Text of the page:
IWW Organizer Tasia Edmonds reinstated!

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On Sunday, March 9, just six days after a settlement between Insomnia Cookies and four workers who went on strike last August, the company suspended bicycle delivery “driver” and union organizer Tasia Edmonds. Quick action by the Industrial Workers of the World, which represents Edmonds, the four strikers, and several other area workers, forced the company to reinstate Edmonds. Two dozen IWW members and allies picketed the Boston Insomnia Cookies location, where Edmonds is employed, on Friday, March 14. Organizers planned another rally for Saturday, March 22, after student allies from the abutting Boston University return from Spring Break, but the company capitulated, agreeing on March 20 to bring Edmonds back to work.

Edmonds was disciplined for speaking out against workplace injustices, which the boss called “Insubordination.” According to Edmonds ““I was suspended for my union involvement. I have never been disciplined before. I was not served any paper work detailing why I was suspended. I want to get back to work, and I want back pay for the days I missed.” While Insomnia has reinstated Edmonds, as of press time there is no confirmation that she will receive back pay for time lost during her suspension. The union is prepared to fight to win Edmonds’ lost wages, and to ensure Insomnia Cookies sticks to its promise not to discipline or intimidate workers for union organizing.

Reposted from:

http://iwwboston.org/2014/03/20/iww-organizer-tasia-edmonds-reinstated/

What Kinds of Workers Deserve a Union?

by x365097

The standard of living for US workers has been stagnating or in decline for the last four decades despite enormous leaps in productivity. Labor unions, organizing on the shop floor to shut down production to enforce workers’ demands, are a well-proven and direct method of closing the gap between what workers want and what they get from their bosses. Yet labor unions today count under 8% of private sector workers and under 40% of public sector workers in their membership. Furthermore, public opinion often turns against those workers who risk their jobs and reputations to try and start up unions in their workplaces, calling them undeserving and a host of other insults. Is there anything in the history of unionism that explains why we see these self-defeating and contradictory behaviors playing themselves out at a time when workers need more than ever to come together to fight for common goals?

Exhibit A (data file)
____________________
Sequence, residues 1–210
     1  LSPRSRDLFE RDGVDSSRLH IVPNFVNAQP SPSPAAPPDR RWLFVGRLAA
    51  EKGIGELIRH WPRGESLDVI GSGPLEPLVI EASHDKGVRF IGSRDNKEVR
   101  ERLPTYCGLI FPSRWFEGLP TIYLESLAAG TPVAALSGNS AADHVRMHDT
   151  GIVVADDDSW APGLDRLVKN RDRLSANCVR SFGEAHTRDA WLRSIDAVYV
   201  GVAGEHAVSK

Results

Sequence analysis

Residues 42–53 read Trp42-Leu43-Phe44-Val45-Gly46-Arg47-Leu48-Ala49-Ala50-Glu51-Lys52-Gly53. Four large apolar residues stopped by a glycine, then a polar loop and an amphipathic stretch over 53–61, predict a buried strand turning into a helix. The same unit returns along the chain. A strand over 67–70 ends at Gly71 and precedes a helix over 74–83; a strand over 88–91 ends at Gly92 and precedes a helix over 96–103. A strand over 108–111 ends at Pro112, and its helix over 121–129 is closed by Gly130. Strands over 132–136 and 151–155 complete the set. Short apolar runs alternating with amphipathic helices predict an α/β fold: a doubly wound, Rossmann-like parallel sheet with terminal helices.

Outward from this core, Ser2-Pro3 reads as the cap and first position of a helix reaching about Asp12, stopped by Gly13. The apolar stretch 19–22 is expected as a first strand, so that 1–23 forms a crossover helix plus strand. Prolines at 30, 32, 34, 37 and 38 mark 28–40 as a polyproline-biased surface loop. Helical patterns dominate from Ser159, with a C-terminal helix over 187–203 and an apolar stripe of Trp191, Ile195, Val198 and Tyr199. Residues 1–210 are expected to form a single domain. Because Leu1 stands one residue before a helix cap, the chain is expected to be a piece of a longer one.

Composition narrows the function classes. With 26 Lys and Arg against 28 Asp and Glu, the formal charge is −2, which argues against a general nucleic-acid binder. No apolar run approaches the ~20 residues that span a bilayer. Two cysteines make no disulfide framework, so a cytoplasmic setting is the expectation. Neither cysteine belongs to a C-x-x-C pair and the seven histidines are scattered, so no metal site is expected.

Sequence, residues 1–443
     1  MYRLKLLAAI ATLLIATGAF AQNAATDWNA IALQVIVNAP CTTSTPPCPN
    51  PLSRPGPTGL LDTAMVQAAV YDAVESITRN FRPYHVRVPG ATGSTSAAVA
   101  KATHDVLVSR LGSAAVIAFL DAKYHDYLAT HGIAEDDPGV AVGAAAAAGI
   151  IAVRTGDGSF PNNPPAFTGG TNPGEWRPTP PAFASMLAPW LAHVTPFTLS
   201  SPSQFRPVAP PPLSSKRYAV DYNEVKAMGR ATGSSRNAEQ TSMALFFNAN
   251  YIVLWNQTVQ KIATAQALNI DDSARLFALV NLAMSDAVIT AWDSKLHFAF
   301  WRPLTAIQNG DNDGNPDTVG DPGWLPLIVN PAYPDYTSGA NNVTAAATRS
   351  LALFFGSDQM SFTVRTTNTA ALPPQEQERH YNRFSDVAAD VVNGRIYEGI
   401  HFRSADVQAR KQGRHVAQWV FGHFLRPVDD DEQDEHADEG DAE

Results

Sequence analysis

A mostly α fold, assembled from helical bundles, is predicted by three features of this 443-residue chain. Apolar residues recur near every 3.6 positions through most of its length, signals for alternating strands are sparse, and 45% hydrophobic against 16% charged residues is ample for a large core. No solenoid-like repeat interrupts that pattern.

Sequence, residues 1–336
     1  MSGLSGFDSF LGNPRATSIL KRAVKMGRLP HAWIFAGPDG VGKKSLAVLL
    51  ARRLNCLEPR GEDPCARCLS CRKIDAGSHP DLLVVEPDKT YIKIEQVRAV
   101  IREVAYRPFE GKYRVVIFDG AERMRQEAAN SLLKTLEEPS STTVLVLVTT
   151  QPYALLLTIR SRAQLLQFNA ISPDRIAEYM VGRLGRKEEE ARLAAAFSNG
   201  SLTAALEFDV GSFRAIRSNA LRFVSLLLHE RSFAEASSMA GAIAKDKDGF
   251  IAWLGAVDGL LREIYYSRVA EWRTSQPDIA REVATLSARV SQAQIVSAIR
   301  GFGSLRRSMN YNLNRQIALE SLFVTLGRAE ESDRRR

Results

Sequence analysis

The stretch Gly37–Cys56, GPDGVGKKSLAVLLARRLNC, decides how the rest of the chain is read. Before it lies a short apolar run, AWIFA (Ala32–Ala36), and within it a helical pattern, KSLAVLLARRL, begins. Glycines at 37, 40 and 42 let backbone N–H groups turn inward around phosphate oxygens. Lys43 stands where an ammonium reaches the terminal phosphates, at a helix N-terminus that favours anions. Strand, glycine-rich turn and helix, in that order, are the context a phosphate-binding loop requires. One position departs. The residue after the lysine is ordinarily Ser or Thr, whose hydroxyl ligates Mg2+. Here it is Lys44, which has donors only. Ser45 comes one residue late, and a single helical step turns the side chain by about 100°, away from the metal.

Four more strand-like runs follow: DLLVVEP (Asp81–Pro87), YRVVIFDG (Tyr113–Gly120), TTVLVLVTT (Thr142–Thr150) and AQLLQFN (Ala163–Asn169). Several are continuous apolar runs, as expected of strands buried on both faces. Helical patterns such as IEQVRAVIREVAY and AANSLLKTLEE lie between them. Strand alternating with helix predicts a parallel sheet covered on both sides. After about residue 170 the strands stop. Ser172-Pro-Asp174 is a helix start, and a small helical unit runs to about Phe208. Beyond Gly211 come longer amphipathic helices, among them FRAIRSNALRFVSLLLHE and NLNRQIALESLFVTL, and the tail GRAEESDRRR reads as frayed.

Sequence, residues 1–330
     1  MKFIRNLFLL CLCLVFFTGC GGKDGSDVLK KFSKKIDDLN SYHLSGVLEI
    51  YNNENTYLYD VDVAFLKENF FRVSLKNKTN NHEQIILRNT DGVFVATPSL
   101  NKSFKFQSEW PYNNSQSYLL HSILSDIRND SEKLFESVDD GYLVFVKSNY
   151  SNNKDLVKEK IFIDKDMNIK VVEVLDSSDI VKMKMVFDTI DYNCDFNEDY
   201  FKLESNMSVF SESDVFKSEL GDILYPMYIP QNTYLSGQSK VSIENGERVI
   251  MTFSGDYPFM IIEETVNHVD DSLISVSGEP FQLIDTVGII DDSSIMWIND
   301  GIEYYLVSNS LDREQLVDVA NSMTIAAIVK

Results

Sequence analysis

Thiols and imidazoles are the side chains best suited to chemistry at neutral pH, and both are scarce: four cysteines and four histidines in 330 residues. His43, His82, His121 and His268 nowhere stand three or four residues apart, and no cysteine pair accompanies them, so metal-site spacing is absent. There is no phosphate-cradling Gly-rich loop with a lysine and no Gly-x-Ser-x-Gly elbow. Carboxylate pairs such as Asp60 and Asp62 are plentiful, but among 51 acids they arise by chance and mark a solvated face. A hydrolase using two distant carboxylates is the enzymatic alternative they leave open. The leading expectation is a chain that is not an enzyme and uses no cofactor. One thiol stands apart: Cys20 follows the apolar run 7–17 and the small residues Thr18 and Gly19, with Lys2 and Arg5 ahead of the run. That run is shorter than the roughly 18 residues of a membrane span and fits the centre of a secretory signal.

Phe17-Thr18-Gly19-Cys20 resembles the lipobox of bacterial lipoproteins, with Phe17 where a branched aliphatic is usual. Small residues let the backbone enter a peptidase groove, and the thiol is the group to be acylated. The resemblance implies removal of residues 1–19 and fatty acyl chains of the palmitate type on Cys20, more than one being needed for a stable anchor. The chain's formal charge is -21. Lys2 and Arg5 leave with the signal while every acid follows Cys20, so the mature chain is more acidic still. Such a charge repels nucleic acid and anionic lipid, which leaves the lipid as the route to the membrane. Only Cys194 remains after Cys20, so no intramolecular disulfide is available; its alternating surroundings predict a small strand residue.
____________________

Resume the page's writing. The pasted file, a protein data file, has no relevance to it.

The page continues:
Looking back a century or earlier to the rise of labor unions as major force in industrialized countries, we see that some of the biggest unions (AFL in particular in the US) made no bones about setting their priorities on organizing and protecting highly trained and socially privileged workers (native-born white males in particular) not only from capitalist factory owners, but also against supposed threats “from below” in the form of immigrant workers; female workers; workers of ethnic, religious and racial minorities, and other relatively underprivileged workers. The arguable goal of these unions was to create a well-paid, elite class of “deserving workers” who were able, as a unified group, to put their needs ahead of other workers’ needs, sometimes aligning their interests with the employing class in the process. When it suited them, these unions would break each others’ strikes and generally do whatever it took to obtain for themselves, as they said, what they considered to be “a fair day’s wage for a fair day’s work,” even if it meant hurting other, supposedly less deserving workers along the way.

That is not what we in the IWW would call a broad-spectrum working class solidarity, but a perverse kind of unionism fueled by reaction, racism, sexism, nativism, and other prejudices. Most of all, though, it’s a unionism that doesn’t get to the root of the problem facing all workers, whether or not we inhabit traditionally privileged racial, gender, and other statuses. That is that capitalism, in allowing a 1% to 10% of social members to control, own, and unduly influence industry, thereby directly or indirectly ruling over the other 90% to 99%, creates at a structural or institutional level a permanent underclass of people who have fewer opportunities and greater hardships no matter what they do.

By contrast, the IWW and our similarly radical forebears have fought — even when it was illegal, for instance, for black and white workers to belong to the same unions — to have a totally unified class of working people: skilled and unskilled, male and female, with no one left out. We did this because it is not only just in itself, but also because it is the only strategic or logical method of liberating workers from the capitalists’ domination of modern society. Either we all stand united and on equal footing in opposition to the controllers of industry on the basis of class alone, or we will be divided and conquered from within our ranks and defeated, as has happened over and over again. (The reaction from certain subsets of the white working class against racial equality and integration in the late 1960s and early 1970s, for example, was arguably an important part of how the capitalist class was able to regain a strengthened hand after decades of working class organization and upsurges to bring us the overtly anti-worker, neoliberal regimes of Reagan, Bush, Clinton, and so on from the 1980s to today.)